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K-State Today

October 18, 2018

HPV researcher to present Oct. 19 Division of Biology seminar

Submitted by Division of Biology

Dohun Pyeon, associate professor of microbiology and molecular genetics at Michigan State University, will present "Immune Dysregulation and Cancer Progression Driven by Human Papillomavirus" as part of the Division of Biology Seminar Series at 4 p.m. Friday, Oct. 19, in 221 Ackert Hall.

Pyeon will talk about human papillomaviruses that are causally linked to more than 5 percent of all human cancers, including nearly all cervical cancer (CxCa) and approximately 25 percent of head and neck cancer, resulting in half a million deaths every year. FDA-approved prophylactic HPV vaccines effectively prevent infections by several high-risk HPV types. However, these vaccines do not cover all high-risk HPVs and lack therapeutic effects and will not impact existing HPV infections that may lead to invasive cancer for decades into the future. Therefore, there remains an urgent need to develop new tools for treating HPV-infected individuals and preventing HPV-associated cancers.

Since HPV modulates various host factors, they hypothesize that immune dysregulation by HPV contributes to immune suppression essential for virus persistence and cancer progression. To test the hypothesis, Pyeon's laboratory has established combined approaches with a novel HPV production system, in vitro keratinocyte culture systems, and in vivo mouse models that recapitulate HPV infection and tumor development. Additionally, they have performed transcriptome and methylome analyses of patient tissue specimens in different disease stages — normal, early and late precancers, and cancer.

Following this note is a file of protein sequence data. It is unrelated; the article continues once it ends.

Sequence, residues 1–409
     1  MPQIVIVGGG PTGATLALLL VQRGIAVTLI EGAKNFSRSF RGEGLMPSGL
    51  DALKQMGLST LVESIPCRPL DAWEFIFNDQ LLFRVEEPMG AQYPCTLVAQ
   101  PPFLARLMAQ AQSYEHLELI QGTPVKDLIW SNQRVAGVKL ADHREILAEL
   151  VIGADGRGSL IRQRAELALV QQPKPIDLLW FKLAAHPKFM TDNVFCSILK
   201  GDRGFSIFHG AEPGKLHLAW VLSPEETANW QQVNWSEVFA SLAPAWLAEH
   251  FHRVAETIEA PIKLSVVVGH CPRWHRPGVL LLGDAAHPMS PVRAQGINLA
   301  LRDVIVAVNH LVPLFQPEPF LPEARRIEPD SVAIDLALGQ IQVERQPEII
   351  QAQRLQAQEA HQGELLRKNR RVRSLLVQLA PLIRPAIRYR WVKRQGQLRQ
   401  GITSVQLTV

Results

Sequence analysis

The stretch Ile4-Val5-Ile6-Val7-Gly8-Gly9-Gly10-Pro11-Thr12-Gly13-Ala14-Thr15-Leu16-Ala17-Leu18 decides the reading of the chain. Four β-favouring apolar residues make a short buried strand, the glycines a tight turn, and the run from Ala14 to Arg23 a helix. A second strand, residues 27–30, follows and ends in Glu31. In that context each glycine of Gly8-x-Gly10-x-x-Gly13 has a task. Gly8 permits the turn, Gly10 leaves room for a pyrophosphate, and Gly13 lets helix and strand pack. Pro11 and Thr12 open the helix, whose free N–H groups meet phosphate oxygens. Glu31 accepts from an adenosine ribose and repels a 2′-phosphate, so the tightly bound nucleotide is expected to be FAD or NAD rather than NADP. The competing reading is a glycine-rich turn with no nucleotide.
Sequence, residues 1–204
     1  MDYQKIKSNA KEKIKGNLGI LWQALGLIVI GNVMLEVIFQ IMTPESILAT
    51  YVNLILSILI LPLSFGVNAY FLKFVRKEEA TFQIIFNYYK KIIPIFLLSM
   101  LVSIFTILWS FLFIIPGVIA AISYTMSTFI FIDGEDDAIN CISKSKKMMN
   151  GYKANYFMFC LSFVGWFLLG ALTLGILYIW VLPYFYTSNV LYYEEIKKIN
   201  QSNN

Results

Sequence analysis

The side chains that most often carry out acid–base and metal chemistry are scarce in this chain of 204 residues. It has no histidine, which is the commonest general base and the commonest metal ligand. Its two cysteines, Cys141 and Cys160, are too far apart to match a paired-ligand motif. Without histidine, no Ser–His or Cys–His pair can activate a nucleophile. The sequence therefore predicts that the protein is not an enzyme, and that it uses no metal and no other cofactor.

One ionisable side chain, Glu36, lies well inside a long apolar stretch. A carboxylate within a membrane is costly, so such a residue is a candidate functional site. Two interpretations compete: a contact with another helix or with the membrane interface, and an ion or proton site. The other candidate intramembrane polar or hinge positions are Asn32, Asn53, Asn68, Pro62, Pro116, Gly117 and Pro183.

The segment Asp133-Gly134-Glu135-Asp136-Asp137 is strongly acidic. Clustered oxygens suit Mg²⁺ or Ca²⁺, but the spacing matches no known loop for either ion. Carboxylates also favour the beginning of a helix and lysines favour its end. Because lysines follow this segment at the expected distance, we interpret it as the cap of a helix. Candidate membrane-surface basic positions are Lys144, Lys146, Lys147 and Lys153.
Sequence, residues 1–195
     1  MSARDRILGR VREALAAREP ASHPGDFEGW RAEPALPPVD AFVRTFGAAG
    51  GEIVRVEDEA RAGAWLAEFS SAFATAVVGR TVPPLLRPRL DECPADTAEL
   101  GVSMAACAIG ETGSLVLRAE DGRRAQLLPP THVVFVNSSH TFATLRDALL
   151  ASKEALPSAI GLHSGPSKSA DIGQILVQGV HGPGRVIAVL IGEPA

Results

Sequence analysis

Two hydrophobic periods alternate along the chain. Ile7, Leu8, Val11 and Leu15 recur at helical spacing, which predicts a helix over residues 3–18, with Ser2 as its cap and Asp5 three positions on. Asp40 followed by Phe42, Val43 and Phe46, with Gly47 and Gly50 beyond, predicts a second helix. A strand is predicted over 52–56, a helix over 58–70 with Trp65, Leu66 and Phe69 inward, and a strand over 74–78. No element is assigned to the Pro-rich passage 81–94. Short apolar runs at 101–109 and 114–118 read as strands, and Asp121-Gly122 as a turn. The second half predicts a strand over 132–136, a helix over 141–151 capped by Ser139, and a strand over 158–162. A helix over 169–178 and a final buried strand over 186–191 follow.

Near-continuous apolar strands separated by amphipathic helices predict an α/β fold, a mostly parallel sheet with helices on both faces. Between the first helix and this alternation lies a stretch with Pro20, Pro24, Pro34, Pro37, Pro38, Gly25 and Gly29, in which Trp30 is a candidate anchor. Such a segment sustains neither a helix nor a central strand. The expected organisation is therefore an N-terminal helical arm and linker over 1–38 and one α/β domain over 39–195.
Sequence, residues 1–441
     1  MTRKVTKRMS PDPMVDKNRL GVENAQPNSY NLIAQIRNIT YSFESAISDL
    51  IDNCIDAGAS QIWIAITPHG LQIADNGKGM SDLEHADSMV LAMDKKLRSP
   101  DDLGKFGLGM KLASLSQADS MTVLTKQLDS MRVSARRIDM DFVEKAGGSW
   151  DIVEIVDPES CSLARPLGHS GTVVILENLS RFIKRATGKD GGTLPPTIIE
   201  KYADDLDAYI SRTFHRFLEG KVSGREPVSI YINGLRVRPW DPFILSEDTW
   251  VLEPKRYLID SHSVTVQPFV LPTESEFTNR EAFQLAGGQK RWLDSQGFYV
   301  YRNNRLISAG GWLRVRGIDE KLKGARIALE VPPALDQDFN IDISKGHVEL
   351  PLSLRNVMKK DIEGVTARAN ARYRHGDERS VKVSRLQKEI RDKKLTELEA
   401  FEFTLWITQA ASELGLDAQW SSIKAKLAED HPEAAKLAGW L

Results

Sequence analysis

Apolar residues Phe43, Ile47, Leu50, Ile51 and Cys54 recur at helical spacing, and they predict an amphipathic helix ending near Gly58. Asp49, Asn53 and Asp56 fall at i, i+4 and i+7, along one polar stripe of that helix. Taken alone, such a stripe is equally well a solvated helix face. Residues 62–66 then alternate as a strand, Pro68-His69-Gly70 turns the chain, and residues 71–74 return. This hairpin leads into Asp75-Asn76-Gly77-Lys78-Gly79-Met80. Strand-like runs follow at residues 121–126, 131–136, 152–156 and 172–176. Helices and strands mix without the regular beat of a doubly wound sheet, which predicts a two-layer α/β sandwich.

Pyeon's research revealed that various interferon-inducible proteins and chemokines modulate HPV infection, persistence, and associated cancer progression. Notably, the cytidine deaminase APOBEC3A, stabilized by the HPV oncoprotein E7, functions as a restriction factor against HPV infection and contributes to somatic mutagenesis for cancer progression. They further uncovered that APOBEC3A has driven papillomavirus coevolution with their host species by selecting for variants that contain reduced APOBEC3A target sites in their genomes. We also found that HPV16 E7 suppresses antitumor immunity through epigenetic downregulation of the chemokine CXCL14. Restoration of CXCL14 expression in HPV-infected head and neck cancer cells suppresses tumor growth in a CD8+ T cell dependent manner. These findings provide novel mechanisms by which HPV establishes persistent infection and drives cancer progression. Their continuing studies will lead to better understanding of virus-induced immune suppression and developing new methods for cancer prevention and immunotherapies.

If you would like to visit with Pyeon, please contact Nick Wallace at nwallac@k-state.edu.

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